Actinic Keratoses Dermatologist2019-06-11T09:48:04+00:00

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Actinic keratoses, also known as solar keratoses, are areas of sun damaged skin

IN THESE VIDEOS, I EXPLAIN THE SYMPTOMS AND CAUSES OF ACTINIC KERATOSES – AND HOW TO TREAT THEM

In the videos above, I explain things in a simple way that applies to most people who have actinic keratoses. Of course, no video or website can replace the value of a personalised consultation. At your consultation, you can have your skin carefully examined and get an expert recommendation to help you resolve your condition.

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How do actinic keratoses impact people on a day-by-day basis?

THEY MAY CAUSE NO SYMPTOMS AT ALL, OR THEY MAY CAUSE SOME BOTHER

What they look like and where you can get them

The patches can be red, pink, brown or skin-coloured. They can be rough (like sandpaper) or scaly, flat or stick out from the skin (similar to warts). Actinic keratoses can be a few millimetres to a few centimetres across. You might have actinic keratoses in sun-exposed areas such as the head and neck, the ears, the backs of the hands, the forearms and lower legs.

Actinic keratoses are sometimes sore or itchy

Occasionally they itch or produce a prickling or tender sensation. They can also become inflamed and surrounded by redness. In some instances, actinic keratoses can even bleed.

Can they turn into something worse?

We now know that the risk of an actinic keratosis turning into skin cancer, or squamous cell carcinoma, is minimal and probably around one in 1000. However, patients with a large number of actinic keratoses have an increased risk of skin cancer (around 10%). It is therefore essential that you check your skin regularly and seek medical advice if you develop a non-healing, growing, painful, or bleeding lump.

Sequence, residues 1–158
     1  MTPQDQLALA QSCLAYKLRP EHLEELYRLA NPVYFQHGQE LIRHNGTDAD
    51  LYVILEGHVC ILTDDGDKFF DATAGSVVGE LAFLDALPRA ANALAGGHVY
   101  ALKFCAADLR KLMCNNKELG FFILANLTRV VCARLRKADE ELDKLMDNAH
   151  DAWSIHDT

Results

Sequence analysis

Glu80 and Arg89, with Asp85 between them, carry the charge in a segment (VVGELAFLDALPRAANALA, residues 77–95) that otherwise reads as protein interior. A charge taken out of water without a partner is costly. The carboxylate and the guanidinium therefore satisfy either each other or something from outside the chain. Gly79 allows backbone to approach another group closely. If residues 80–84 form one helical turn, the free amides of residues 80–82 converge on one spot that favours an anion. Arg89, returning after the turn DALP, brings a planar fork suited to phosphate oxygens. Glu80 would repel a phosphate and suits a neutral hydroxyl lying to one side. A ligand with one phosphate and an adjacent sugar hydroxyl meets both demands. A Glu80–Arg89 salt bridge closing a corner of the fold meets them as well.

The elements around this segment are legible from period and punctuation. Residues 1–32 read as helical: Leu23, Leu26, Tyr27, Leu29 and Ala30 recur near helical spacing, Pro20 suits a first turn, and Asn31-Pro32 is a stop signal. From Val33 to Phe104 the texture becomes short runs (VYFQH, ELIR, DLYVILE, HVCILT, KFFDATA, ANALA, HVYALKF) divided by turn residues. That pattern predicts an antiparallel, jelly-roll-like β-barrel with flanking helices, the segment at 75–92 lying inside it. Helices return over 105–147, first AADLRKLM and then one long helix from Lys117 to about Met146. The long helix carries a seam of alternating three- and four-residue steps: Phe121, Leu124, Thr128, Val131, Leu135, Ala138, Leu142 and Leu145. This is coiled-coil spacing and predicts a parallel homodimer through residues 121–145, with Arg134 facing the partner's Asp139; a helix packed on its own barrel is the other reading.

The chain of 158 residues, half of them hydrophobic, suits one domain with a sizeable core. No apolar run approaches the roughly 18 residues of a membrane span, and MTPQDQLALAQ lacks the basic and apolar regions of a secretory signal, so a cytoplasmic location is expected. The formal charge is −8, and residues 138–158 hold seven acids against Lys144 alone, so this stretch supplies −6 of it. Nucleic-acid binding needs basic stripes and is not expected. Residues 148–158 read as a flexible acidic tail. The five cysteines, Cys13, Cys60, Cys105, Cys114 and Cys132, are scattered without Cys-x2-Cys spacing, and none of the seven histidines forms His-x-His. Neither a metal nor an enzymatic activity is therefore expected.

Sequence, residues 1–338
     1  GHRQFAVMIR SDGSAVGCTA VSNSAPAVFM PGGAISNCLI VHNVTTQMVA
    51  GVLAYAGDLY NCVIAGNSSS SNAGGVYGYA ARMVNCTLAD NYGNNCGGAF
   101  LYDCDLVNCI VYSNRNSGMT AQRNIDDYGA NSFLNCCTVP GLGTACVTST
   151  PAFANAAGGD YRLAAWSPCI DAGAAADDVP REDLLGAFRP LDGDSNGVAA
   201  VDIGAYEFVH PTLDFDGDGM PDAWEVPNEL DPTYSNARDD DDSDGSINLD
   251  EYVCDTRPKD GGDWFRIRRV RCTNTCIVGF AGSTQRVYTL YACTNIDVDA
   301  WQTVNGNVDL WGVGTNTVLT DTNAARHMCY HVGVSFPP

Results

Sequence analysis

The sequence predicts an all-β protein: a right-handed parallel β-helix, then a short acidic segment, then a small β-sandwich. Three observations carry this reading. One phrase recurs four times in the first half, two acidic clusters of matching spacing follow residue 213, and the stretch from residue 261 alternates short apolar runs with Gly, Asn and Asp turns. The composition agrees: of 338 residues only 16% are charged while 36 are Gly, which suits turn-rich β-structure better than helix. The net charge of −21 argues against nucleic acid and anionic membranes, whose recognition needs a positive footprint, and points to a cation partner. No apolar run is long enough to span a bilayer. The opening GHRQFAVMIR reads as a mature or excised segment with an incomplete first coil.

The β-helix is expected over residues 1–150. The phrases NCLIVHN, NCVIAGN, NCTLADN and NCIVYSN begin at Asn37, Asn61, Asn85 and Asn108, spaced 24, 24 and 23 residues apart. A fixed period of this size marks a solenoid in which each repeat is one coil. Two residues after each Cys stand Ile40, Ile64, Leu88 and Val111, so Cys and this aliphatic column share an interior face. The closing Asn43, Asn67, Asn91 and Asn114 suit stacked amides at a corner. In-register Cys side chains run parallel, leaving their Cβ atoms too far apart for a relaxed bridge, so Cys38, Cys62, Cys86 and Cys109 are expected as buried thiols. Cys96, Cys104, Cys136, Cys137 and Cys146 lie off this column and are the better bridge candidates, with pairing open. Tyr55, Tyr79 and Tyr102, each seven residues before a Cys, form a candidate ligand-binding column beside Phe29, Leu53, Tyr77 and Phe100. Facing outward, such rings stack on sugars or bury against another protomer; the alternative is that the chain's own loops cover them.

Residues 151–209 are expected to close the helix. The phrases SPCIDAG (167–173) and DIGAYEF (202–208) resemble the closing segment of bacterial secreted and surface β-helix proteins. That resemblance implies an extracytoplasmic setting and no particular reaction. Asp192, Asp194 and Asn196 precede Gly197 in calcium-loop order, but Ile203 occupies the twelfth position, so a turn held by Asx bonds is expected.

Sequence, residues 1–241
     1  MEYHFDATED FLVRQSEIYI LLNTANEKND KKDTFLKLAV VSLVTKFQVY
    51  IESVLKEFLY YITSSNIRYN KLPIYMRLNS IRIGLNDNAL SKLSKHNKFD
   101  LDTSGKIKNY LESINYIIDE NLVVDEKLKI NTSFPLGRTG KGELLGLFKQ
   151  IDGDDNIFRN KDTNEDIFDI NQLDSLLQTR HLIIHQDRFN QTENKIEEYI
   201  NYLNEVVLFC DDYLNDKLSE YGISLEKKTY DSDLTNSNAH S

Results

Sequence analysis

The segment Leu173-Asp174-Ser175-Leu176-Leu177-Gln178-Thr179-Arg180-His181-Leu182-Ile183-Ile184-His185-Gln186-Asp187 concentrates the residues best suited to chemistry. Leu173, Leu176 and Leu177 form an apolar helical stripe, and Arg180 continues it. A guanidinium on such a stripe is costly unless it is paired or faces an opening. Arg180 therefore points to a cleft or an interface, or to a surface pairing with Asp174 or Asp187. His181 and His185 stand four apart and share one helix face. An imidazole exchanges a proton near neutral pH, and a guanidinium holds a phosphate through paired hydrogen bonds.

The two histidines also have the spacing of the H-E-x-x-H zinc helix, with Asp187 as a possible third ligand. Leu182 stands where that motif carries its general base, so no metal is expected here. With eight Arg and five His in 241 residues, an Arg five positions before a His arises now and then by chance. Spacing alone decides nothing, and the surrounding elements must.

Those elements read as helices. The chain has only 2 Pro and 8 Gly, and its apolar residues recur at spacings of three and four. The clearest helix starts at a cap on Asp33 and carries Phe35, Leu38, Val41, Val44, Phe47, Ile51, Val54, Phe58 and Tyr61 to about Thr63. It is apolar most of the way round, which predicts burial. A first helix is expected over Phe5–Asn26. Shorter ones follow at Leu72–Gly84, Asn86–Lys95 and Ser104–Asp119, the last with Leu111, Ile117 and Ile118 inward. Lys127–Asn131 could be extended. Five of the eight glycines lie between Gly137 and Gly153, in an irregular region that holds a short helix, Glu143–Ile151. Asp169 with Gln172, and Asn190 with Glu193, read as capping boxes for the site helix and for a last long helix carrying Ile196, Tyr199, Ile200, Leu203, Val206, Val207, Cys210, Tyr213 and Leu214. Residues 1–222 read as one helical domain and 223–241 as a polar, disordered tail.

What are the causes of actinic keratoses?

The leading cause of actinic keratoses is cumulative sun exposure resulting in sun damage. Other risk factors include fair skin, outdoor hobbies or outdoor work, living in sunny climate, and a compromised immune system.

Can we cure Actinic keratoses?

Treatments are highly effective in treating your existing actinic keratoses. However, the treatments will not prevent new actinic keratoses from forming. This means that you will need to protect your skin from further sun damage and keep an eye on your skin. Should any new areas develop, I can treat these in the same way.

What my patients love about my service

MY PATIENTS ARE MY BEST PROMOTERS

Please pass on my thanks to Dr Pratsou for her assessment on my continued taking of roaccutane.

She was completely right, I didn’t need a new course, I needed to move away from the drug. The creams she gave me and Cetaphil recommendation have meant my skin has been the best it’s ever been (ongoing and since I saw her) ALL SUMMER :))))) I’ve had zero problems…and I’m loving it.

Thank you once again.


Phillip, Acne

“Dear Dr Pratsou,

Following the consultation today I feel it appropriate to say thank you for your help in dealing with my rosacea.

On each occasion, I have visited your department I have noticed the kindness and cheeriness of all the staff I have encountered and particularly wanted to say that you made me feel at ease with your calmness and excellent manner.